The Telegraph
Friday , November 19 , 2010
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Destination Delhi despite deaths
- Lure of higher income drives poor Murshidabad residents to capital

Farakka (Murshidabad), Nov. 18: The neighbours of the Murshidabad migrants killed or missing in Monday’s building collapse in Delhi today said they still wanted to go to the capital because of the promise of a higher income and to escape abject poverty at home.

At least 25 people from Murshidabad are either dead or missing in the collapse. But their neighbours said the tragedy had not deterred them from “dreaming” about going to Delhi.

Ranjit Haldar, a resident of Farakka, which has lost at least eight of its people to the cave-in, said he earned between Rs 2,000 and Rs 2,500 a month selling tea. “I have a stall near the field hostel of the Farakka Barrage Authority. But the meagre earnings are not enough to provide for my family. I have a wife and two school-going children. My old mother also lives with me,” Ranjit said.

Ranjit, who lives in Nishindra Colony, said he knew several people in his neighbourhood who were “doing well” in Delhi. “I can earn much more in Delhi. Even a rickshaw-puller or a vegetable vendor earns between Rs 7,000 and Rs 8,000 a month in the capital,” he said.

Ranjit said he would leave for Delhi once his son Sanjit, a Class XII student, completed school.

Asked if the building collapse had forced him to rethink, Ranjit said: “The death of so many of my neighbours has come as a shock to me. But one has to accept the fact that it was an accident. More and more people from here are willing to shift to places such as Delhi to earn more.”

He said he knew another Haldar family in his area that had lost eight of its members to the collapse. “The Haldars’ house is 1km from mine. I knew sisters Jamuna and Rebati Haldar who were killed in the collapse,” Ranjit said.

Jamuna’s daughter-in-law Ashtami and granddaughter Rupali have also died, family members said. Rebati’s two sons, Bishtu and Kanchi, and Bishtu’s wife Chinu have also been killed.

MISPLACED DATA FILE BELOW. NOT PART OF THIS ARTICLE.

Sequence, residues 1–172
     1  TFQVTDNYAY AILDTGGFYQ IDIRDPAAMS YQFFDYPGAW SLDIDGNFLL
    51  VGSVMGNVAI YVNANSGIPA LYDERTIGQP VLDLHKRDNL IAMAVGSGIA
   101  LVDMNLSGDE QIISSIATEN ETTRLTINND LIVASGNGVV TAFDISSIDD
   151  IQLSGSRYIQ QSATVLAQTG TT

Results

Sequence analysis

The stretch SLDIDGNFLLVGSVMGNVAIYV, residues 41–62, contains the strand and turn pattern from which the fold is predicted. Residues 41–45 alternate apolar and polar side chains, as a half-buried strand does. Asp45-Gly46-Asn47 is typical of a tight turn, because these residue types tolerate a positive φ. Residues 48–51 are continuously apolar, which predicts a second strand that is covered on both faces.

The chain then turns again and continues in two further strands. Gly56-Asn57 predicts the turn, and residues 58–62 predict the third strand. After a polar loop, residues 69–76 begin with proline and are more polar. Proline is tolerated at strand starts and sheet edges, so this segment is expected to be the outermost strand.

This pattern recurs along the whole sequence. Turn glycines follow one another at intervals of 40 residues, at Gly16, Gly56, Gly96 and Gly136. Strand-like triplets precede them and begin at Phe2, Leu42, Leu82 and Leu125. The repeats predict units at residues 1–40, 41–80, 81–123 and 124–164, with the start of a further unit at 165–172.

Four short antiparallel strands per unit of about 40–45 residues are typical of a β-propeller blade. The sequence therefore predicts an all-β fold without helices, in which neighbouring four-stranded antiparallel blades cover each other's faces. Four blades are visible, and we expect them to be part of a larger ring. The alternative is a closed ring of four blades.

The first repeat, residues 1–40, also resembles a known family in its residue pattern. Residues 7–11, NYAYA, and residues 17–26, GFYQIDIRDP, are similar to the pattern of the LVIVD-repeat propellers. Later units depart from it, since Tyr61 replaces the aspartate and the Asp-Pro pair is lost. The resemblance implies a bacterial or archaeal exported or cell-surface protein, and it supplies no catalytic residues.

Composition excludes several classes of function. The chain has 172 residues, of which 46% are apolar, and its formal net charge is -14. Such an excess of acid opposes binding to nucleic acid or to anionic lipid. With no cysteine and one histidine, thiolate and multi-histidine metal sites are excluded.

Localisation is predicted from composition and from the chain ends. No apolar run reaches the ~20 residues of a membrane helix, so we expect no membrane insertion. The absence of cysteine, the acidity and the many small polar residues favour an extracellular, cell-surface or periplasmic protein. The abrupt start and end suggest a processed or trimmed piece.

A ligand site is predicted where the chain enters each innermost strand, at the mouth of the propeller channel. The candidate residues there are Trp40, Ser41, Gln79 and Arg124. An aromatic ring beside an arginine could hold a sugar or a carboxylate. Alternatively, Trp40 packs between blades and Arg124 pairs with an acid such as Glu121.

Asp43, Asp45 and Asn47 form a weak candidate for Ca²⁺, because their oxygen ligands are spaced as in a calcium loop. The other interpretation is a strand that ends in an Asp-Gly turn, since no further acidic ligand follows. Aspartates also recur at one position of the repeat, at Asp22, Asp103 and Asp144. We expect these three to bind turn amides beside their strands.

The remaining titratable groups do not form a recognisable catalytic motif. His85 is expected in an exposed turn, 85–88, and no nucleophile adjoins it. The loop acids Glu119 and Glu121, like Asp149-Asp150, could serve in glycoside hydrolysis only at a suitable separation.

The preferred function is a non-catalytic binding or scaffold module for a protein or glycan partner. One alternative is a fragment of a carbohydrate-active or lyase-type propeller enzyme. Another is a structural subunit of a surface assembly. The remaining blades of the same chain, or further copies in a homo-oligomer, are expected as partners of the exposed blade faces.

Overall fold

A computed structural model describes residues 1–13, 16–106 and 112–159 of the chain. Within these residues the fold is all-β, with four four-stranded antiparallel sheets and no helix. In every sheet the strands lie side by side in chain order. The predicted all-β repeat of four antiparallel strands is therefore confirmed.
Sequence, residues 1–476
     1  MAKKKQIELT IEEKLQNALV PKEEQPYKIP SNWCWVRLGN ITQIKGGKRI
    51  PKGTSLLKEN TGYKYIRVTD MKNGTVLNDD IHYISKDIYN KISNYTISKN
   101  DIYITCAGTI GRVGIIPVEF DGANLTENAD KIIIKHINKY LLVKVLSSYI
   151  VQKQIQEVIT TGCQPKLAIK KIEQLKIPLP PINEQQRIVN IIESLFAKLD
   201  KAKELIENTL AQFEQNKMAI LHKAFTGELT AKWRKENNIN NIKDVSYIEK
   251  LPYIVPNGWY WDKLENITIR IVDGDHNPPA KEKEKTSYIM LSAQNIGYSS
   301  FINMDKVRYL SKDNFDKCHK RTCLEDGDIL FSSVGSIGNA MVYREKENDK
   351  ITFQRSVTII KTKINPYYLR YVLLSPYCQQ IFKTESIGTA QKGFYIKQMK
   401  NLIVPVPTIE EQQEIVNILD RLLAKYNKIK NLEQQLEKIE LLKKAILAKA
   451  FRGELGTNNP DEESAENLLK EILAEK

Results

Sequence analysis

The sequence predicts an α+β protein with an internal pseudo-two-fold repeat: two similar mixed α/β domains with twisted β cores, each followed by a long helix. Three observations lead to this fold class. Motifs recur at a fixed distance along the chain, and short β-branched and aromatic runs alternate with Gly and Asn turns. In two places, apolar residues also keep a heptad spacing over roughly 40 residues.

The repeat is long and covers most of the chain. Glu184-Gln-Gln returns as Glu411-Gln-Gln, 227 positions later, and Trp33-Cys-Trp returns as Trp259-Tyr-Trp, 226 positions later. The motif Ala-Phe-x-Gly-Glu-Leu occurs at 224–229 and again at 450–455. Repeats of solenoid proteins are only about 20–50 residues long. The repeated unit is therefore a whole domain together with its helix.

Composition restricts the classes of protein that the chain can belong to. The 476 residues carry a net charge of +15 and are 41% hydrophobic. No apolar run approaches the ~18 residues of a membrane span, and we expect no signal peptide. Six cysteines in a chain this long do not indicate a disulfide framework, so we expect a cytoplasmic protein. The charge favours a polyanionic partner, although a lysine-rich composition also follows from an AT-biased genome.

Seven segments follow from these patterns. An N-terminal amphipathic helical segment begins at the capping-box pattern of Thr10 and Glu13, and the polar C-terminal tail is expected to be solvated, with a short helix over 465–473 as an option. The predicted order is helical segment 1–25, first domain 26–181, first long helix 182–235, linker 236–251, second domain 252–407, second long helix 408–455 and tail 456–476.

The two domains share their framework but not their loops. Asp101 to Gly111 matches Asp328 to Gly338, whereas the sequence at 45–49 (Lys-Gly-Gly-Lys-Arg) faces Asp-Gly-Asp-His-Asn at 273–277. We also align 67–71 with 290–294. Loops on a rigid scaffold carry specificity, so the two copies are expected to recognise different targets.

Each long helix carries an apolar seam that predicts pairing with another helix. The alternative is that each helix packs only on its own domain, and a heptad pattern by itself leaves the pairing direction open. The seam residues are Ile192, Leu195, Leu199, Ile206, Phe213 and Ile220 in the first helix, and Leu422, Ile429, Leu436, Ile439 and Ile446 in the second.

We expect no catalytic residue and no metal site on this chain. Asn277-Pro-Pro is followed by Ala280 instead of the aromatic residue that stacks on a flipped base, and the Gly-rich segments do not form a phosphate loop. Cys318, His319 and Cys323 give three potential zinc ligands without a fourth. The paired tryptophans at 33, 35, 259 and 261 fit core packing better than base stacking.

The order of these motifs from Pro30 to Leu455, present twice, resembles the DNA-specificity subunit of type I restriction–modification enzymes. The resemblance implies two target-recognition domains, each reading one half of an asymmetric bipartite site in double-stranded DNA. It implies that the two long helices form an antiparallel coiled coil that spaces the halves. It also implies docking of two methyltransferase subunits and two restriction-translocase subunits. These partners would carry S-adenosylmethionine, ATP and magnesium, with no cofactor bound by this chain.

Like Ranjit, Sridam Haldar and Krishna Biswas of Nishindra Colony have also decided to go to Delhi for higher incomes. Sridam, 30, who earns around Rs 50 a day selling peanuts on local trains, said he would move to Delhi by December. His wife Pratima, 25, binds bidis and earns around Rs 30 a day.

Sridam said he had discussed with neighbour Krishna the employment prospects in Delhi. Krishna, a labourer whose average daily income is about Rs 100, said his brother and sister had migrated to Delhi nine years ago. “My brother is a rickshaw-puller while my sister works as a domestic help. They earn between Rs 6,000 and Rs 7,000 each a month. Sridam and I have decided to move to Delhi with our families,” Krishna said.

He said his brother, whose name is also Sridam, would take him and his neighbour to Delhi in December. “We are not bothered about the Delhi collapse. Such an accident can happen in Murshidabad too,” Krishna said.

Kalu Haldar, a resident of Farakka’s Rail Colony, said his brother Mahadeb, 42, had migrated to Noida 15 years ago. “Mahadeb is a rickshaw-puller in Noida. His son Mohan is a driver there. Together, they earn Rs 20,000 a month,” Kalu said.

“We used to live in a shanty at Rail Colony. But now I have moved into the concrete house my brother has built in the neighbourhood. In the past two years, Mahadeb had come to Farakka several times to supervise the construction of the house,” Kalu added. “My brother plans to return to Farakka once he grows old. He is saving money for the future.”

Prasenjit Haldar, a resident of Farakka’s Subhas Palli, said his neighbour Ratan Haldar had migrated to Gurgaon nine years ago. “He earns Rs 6,000 a month as a labourer. He used to earn not even half the money as a fisherman here,” Prasenjit said. “Ratan has no plans of returning home in the near future.”

At least two lakh people from Murshidabad work in places such as Delhi, Kerala and Karnataka.

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